good pace, but the moment my feet touched the first part of the bridge, I felt sure there was something wrong. I dare not go forward, and I made a dead stop. "Go on, Beauty," said my master, and he gave me a touch with the whip, but I dare not stir; he gave me a sharp cut, I jumped, but I dare not go forward.
"There's something wrong, sir," said John, and he sprung out of the dog-cart and came to my head and looked all about. He tried to lead me forward, "Come on, Beauty, what's the matter?" Of course I could not tell him; but I knew very well that the bridge was not safe.
Just then, the man at the toll-gate on the other side ran out of the house, tossing a torch about like one mad. "Hoy, hoy, hoy, halloo, stop!" he cried. "What's the matter?" shouted my master, "The bridge is broken in the middle, and part of it is carried away; if you come on you'll be into the river."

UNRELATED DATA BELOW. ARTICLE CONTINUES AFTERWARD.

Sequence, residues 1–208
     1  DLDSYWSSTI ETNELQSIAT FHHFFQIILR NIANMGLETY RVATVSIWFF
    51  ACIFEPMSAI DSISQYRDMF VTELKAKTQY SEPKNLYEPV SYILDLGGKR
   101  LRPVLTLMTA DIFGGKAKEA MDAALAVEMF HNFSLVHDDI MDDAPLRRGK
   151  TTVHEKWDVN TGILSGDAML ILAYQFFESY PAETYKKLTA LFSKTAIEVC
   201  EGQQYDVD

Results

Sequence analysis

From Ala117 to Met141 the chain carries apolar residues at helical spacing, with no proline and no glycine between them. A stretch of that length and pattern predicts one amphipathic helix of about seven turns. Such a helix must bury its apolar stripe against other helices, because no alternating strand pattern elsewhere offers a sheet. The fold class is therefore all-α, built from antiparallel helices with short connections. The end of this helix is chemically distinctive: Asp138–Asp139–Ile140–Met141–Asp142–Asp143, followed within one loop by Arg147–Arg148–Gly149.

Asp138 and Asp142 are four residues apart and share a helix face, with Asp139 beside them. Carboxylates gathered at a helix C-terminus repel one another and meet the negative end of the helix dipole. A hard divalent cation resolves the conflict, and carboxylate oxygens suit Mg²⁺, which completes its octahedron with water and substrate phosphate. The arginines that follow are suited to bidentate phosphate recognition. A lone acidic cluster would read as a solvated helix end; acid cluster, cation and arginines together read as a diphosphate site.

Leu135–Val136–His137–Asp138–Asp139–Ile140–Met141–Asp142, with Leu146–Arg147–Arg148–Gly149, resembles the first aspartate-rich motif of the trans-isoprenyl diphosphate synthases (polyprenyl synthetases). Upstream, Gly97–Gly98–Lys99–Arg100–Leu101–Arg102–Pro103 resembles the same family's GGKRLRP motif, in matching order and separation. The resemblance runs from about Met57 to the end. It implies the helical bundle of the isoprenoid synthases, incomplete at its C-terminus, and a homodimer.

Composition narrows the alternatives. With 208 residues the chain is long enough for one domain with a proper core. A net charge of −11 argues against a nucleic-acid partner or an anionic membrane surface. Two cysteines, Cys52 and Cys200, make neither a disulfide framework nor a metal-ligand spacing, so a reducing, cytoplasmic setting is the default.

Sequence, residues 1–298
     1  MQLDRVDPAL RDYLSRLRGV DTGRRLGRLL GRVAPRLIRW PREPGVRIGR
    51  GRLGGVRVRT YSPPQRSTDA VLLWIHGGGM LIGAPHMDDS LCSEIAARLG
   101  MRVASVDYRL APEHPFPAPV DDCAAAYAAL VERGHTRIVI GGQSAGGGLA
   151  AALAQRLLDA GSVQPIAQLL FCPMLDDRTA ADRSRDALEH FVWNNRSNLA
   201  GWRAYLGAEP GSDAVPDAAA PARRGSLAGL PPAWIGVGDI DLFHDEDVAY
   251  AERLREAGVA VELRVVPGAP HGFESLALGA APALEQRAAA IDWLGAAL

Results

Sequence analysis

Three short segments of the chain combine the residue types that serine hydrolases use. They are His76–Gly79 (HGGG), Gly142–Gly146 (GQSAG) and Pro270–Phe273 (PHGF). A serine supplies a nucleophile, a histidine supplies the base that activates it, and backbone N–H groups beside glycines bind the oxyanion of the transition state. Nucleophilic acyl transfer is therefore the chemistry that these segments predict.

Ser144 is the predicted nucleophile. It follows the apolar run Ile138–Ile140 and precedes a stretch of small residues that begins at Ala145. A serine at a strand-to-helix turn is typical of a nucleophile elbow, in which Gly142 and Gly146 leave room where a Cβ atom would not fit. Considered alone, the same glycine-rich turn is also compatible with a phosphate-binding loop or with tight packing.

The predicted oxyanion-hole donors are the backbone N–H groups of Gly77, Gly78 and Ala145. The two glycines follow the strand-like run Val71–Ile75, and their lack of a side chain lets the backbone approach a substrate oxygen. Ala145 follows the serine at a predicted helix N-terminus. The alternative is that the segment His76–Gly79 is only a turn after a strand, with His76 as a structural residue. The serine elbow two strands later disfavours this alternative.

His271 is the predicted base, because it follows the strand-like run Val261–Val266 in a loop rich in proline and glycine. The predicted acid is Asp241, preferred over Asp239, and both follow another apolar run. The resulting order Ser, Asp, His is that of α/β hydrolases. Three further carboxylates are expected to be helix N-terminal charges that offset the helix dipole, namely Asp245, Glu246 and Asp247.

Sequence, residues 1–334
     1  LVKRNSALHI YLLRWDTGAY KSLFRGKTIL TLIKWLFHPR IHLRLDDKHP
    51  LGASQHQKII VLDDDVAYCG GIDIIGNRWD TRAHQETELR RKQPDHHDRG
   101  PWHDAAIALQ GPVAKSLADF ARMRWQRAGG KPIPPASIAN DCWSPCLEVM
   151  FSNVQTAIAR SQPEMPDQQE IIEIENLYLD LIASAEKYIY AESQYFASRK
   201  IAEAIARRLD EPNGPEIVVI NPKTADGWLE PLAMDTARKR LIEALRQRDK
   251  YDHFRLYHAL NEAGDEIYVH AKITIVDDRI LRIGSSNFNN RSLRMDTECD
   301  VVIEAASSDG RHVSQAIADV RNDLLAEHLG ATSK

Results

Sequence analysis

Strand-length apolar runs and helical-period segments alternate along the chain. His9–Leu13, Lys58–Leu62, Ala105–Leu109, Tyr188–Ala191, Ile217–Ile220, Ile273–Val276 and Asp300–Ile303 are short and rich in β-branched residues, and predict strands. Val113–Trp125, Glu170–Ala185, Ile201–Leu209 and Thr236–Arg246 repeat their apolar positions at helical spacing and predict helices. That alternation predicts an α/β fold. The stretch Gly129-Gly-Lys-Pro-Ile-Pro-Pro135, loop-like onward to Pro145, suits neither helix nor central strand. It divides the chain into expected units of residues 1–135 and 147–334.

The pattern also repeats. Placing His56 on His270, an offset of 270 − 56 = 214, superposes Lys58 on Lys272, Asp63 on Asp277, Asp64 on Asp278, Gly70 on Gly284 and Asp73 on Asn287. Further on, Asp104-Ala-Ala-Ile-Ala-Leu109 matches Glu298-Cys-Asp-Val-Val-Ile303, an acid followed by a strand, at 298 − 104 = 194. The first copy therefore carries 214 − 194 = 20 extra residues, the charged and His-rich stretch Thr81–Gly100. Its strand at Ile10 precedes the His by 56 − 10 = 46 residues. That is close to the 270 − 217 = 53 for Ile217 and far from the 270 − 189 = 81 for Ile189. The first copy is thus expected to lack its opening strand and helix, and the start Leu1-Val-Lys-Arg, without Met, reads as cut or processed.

"Thank God!" said my master. "You Beauty!" said John, and took the bridle and gently turned me round to the right-hand road by the river side. The sun had set some time, the wind seemed to have lulled off after that furious blast which tore up the tree. It grew darker and darker, stiller and stiller. I trotted quietly along, the wheels hardly making a sound on the soft road. For a good while neither master nor John spoke, and then master began in a serious voice. I could not understand much of what they said, but I found they thought, if I had gone on